Developing World Bioethics December 2017  Volume 17, Issue 3 Pages 141–216

Developing World Bioethics
December 2017  Volume 17, Issue 3  Pages 141–216

Research ethics and the Zika legacy in Brazil (pages 142–143)
Debora Diniz and Ilana Ambrogi
Version of Record online: 12 NOV 2017 | DOI: 10.1111/dewb.12175
[No abstract]

Social Responsibility and the State’s Duty to provide Healthcare: An Islamic Ethico-Legal Perspective (pages 205–214)
Aasim I. Padela
Version of Record online: 30 DEC 2016 | DOI: 10.1111/dewb.12140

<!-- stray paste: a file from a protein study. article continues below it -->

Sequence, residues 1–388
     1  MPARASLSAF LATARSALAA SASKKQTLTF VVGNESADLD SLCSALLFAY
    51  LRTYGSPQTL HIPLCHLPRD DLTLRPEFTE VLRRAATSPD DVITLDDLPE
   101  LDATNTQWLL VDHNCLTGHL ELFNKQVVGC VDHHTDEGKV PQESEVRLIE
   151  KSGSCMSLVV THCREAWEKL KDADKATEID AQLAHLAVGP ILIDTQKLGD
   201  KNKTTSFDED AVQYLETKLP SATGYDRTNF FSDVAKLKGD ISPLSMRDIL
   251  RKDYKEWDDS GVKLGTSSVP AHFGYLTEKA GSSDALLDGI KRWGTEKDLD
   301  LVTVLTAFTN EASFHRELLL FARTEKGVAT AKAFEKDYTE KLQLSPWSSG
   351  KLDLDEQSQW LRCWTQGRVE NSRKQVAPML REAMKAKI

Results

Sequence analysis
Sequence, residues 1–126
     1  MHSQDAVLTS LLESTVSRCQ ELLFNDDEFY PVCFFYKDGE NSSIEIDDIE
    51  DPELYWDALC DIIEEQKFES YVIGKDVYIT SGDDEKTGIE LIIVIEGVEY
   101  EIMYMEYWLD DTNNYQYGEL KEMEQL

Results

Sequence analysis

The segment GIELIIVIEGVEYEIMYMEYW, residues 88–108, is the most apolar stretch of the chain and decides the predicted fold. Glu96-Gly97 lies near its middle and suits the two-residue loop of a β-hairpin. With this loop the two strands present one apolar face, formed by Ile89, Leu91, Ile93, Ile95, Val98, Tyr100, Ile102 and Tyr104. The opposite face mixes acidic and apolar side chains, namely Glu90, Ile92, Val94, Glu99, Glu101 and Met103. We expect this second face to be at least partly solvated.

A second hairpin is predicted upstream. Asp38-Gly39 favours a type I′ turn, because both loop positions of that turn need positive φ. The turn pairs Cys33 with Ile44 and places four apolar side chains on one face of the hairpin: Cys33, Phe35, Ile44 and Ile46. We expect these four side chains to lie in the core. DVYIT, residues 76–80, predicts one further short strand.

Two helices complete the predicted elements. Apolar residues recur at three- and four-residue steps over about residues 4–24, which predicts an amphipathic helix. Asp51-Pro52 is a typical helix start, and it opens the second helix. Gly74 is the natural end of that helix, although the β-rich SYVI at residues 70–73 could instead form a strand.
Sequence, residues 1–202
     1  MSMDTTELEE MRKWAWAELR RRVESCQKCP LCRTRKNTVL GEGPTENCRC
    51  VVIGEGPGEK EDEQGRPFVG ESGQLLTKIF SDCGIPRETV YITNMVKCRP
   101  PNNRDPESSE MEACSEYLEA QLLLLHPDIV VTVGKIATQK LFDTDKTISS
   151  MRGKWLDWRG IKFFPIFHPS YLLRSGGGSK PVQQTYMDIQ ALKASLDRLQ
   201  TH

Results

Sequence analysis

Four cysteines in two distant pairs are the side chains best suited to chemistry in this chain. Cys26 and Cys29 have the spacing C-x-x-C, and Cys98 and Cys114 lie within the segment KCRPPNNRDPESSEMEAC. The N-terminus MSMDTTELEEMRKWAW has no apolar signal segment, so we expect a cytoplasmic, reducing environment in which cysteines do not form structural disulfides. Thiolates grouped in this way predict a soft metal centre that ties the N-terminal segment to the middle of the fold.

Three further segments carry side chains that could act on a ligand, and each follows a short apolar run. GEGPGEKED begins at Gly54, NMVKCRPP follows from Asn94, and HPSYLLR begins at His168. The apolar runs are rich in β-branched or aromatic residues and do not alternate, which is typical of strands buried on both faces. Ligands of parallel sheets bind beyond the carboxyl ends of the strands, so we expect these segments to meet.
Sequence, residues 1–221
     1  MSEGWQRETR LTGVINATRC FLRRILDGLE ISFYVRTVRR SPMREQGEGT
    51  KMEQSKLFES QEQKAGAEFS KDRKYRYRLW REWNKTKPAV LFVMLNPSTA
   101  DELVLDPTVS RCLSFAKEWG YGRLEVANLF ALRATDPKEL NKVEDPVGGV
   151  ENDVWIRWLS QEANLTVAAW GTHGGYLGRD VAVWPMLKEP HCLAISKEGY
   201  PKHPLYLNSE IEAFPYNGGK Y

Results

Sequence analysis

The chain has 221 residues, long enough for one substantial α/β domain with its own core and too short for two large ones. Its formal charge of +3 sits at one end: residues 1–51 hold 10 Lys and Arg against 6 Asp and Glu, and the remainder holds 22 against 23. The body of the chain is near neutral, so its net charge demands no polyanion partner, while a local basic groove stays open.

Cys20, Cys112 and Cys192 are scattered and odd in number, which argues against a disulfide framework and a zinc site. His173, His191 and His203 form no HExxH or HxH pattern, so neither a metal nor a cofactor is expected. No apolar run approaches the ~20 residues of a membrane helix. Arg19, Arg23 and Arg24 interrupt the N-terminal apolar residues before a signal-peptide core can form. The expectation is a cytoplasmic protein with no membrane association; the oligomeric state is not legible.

The United Nations Educational, Scientific and Cultural Organization’s (UNESCO) Declaration on Bioethics and Human Rights asserts that governments are morally obliged to promote health and to provide access to quality healthcare, essential medicines and adequate nutrition and water to all members of society. According to UNESCO, this obligation is grounded in a moral commitment to promoting fundamental human rights and emerges from the principle of social responsibility. Yet in an era of ethical pluralism and contentions over the universality of human rights conventions, the extent to which the UNESCO Declaration can motivate behaviors and policies rests, at least in part, upon accepting the moral arguments it makes. In this essay I reflect on a state’s moral obligation to provide healthcare from the perspective of Islamic moral theology and law. I examine how Islamic ethico-legal conceptual analogues for human rights and communal responsibility, ḥuqūq al-’ibād and farḍ al-kifāyah and other related constructs might be used to advance a moral argument for healthcare provision by the state. Moving from theory to application, I next illustrate how notions of human rights and social responsibility were used by Muslim stakeholders to buttress moral arguments to support American healthcare reform. In this way, the paper advance discourses on a universal bioethics and common morality by bringing into view the concordances and discordances between Islamic ethico-legal constructs and moral arguments advanced by transnational health policy advocates. It also provides insight into applied Islamic bioethics by demonstrating how Islamic ethico-legal values might inform the discursive outputs of Muslim organizations.